21. A process for extracting caprolactam from an aqueous caprolactam mixture comprising extracting the caprolactam with the aid of an organic solvent for caprolactam which is not miscible with water in a system comprising a countercurrent extraction column and a mixer/settler, wherein a pre-extraction with an organic solvent immiscible with water in the said mixer/settler is conducted prior to said extraction with said organic solvent in the extraction column, and wherein the flow rate of the aqueous caprolactam mixture to the system is increased, relative to the flow rate in the absence of said mixer/settler, without loss of extraction yield.
22. Process according to claim 20, wherein said flow rate is increased by at least 20%.
23. Process according to claim 21, wherein said flow rate is increased by at least 20%.
24. A process comprising:
a) preparing caprolactam by Beckmann rearrangement of cyclohexanone oxime in the presence of sulphuric acid to obtain a rearrangement mixture.
b) neutralizing the rearrangement mixture with ammonia, resulting in phase separation to obtain an aqueous caprolactam mixture
c) countercurrently extracting the caprolactam from the aqueous caprolactam mixture in an extraction column with the aid of an organic solvent for caprolactam that is not miscible with water to form an organic solvent-caprolactam mixture,
d) releasing the caprolactam from the organic solvent-caprolactam mixture by means of extraction with water, and
e) (i) pre-extracting said aqueous caprolactam mixture in a mixer/settler with an organic solvent before step a) and/or (ii) pre-extracting said organic solvent-caprolactam mixture in a mixer/settler with water before step b).
25. A process comprising:
a) preparing caprolactam by Beckmann rearrangement of cyclohexanone oxime in the presence of sulfuric acid to obtain a rearrangement mixture,
b) neutralizing the rearrangement mixture with ammonia, resulting in phase separation to obtain an aqueous caprolactam mixture, and
c) extracting the caprolactam from the aqueous caprolactam mixture with the aid of an organic solvent for caprolactam which is not miscible with water in a countercurrent extraction column, wherein a pre-extraction with an organic solvent immiscible with water in a mixer/settler is conducted prior to said extraction in the extraction column.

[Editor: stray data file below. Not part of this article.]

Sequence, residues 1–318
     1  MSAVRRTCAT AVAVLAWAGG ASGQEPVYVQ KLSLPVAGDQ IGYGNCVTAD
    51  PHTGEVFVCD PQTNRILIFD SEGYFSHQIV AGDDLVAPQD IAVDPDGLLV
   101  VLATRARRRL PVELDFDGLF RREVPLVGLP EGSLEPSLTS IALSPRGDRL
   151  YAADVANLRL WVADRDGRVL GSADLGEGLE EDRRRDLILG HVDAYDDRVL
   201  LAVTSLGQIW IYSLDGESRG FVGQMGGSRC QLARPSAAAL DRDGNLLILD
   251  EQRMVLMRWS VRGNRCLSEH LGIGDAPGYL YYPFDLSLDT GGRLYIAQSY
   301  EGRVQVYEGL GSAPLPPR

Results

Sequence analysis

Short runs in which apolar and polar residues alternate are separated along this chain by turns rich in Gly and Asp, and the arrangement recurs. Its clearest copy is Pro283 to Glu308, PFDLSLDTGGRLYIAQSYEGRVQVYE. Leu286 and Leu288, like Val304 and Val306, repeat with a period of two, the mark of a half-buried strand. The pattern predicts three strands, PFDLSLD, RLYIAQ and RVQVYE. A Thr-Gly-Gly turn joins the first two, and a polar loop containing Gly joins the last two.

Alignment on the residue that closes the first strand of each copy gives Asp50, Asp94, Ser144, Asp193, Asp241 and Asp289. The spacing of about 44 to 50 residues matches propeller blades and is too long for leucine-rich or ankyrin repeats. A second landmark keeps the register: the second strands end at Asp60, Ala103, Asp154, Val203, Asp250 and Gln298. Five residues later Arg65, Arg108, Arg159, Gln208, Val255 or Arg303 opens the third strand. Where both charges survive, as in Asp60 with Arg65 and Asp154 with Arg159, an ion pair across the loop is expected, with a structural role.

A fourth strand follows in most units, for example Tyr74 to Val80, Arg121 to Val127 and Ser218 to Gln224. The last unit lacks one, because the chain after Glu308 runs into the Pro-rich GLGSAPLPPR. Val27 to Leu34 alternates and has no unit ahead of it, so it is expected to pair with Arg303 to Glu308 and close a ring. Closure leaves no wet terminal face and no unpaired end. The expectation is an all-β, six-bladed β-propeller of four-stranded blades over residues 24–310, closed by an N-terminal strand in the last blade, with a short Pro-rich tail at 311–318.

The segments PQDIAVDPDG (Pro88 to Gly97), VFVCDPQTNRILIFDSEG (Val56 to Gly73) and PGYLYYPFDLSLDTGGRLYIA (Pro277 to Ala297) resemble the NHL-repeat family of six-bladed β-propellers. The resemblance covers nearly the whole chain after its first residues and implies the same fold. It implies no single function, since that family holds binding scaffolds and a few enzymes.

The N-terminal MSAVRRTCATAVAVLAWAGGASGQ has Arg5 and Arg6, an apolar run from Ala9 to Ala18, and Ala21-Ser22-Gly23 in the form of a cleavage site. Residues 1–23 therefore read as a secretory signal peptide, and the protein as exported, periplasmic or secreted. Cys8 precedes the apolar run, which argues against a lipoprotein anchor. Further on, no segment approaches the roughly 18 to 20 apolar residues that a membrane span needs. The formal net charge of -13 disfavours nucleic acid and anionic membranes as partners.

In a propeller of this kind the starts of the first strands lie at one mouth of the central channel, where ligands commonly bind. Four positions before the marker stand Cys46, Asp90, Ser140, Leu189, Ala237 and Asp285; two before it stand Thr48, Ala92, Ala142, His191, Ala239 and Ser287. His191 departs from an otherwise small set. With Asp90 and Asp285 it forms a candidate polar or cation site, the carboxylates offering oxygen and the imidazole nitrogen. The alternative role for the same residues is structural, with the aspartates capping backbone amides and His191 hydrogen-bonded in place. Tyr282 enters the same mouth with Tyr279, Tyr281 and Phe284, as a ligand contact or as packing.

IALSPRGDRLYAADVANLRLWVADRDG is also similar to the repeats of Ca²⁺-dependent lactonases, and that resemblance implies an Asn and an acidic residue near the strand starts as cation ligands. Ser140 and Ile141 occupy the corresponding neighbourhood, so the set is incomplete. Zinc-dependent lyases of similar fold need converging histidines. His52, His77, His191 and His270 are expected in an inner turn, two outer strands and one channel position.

26. Process according to claim 24, wherein substantially all of the caprolactam formed in the Beckmann rearrangement in said aqueous caprolactam mixture.
27. Process according to claim 25, wherein substantially all of the caprolactam formed in the Beckmann rearrangement in said aqueous caprolactam mixture.
Description
CROSS-REFERNCE TO RELATED APPLICATIONS

This application is a continuation of Application PCT/NL98/00152, filed Mar. 16, 1998, which in turn, claims priority from BE 9700230 filed Mar. 17, 1997.

The invention relates to a process for purifying an aqueous caprolactam mixture by extracting the caprolactam with the aid of an organic caprolactam solvent that is not miscible with water in a benzene extraction, and releasing the caprolactam from the organic solvent by means of extraction with water, with the formation of an aqueous caprolactam solution, in a back extraction.

Such a process is known from NL-A-77110150, which describes the so-called benzene extraction of caprolactam from water to benzene and the back extraction from benzene to water. The drawback of this process, however, is that if the columns are more heavily loaded, for example if the caprolactam production is increased, this will adversely affect the extraction yield of the extraction columns employed.

The aim of the invention is now to provide a process in which the extraction steps can be more heavily loaded without loss of extraction yield.

This aim is achieved because at least a separate pre-extraction takes place before the benzene extraction and/or the back extraction, in which, in a pre-extraction before the benzene extraction, an organic solvent that is not miscible with water is used for the extraction and, in a pre-extraction before back extraction, water is used for the extraction.

This makes it possible to increase the load of any extraction step by 20% with only one extra theoretical tray; it moreover even leads to an improved extraction yield. Purifying caprolactam by means of benzene extraction and back extraction often implies a bottleneck in the production of caprolactam, because the extraction columns are unable to process the increasing caprolactam productions. This problem can now be simply solved even without having to install extra equipment, for example columns, by causing a pre-extraction to take place. New extraction columns are moreover expensive and it is often difficult to incorporate them in an existing installation.

This pre-extraction can take place in for example a mixer/settler. A mixer/settler is an apparatus comprising a mixing part and a settling part. The liquids are combined in the mixing part and energy is supplied to them, for example by means of a stirrer. This results in the formation of droplets of one of the liquids in the other, a dispersion. The dispersion then remains in the settling part for a sufficient length of time for the droplets to coalesce, preferably with a laminar flow.

Suitable mixer/settlers are the box-type mixer/settlers, the IMI, the “General Mills” or the Kemira mixer/settlers, described in “Liquid-Liquid Extraction Equipment” by Godfrey J. C. and Slater M. J., Ed. Wiley, COP (1994), Ch.I, pp. 294-297.

It is also possible to place an extension on a column, which extension may optionally also be widened.